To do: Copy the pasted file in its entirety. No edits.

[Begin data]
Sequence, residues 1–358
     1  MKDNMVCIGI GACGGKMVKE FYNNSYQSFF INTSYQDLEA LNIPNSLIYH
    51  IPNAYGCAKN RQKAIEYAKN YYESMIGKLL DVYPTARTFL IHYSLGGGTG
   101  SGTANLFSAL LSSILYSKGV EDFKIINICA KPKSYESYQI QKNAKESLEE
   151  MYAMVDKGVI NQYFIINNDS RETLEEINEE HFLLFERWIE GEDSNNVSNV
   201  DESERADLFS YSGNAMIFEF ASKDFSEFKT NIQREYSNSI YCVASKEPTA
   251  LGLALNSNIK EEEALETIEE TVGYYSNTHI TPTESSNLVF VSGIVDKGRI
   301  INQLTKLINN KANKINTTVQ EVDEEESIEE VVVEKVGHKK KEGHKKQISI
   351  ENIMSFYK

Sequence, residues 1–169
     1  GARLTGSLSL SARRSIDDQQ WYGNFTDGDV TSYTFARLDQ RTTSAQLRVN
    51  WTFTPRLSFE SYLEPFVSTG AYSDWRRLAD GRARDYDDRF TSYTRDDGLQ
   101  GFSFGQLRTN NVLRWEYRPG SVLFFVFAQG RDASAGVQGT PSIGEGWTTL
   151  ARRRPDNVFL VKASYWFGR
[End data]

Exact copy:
Sequence, residues 1–358
     1  MKDNMVCIGI GACGGKMVKE FYNNSYQSFF INTSYQDLEA LNIPNSLIYH
    51  IPNAYGCAKN RQKAIEYAKN YYESMIGKLL DVYPTARTFL IHYSLGGGTG
   101  SGTANLFSAL LSSILYSKGV EDFKIINICA KPKSYESYQI QKNAKESLEE
   151  MYAMVDKGVI NQYFIINNDS RETLEEINEE HFLLFERWIE GEDSNNVSNV
   201  DESERADLFS YSGNAMIFEF ASKDFSEFKT NIQREYSNSI YCVASKEPTA
   251  LGLALNSNIK EEEALETIEE TVGYYSNTHI TPTESSNLVF VSGIVDKGRI
   301  INQLTKLINN KANKINTTVQ EVDEEESIEE VVVEKVGHKK KEGHKKQISI
   351  ENIMSFYK

Sequence, residues 1–169
     1  GARLTGSLSL SARRSIDDQQ WYGNFTDGDV TSYTFARLDQ RTTSAQLRVN
    51  WTFTPRLSFE SYLEPFVSTG AYSDWRRLAD GRARDYDDRF TSYTRDDGLQ
   101  GFSFGQLRTN NVLRWEYRPG SVLFFVFAQG RDASAGVQGT PSIGEGWTTL
   151  ARRRPDNVFL VKASYWFGR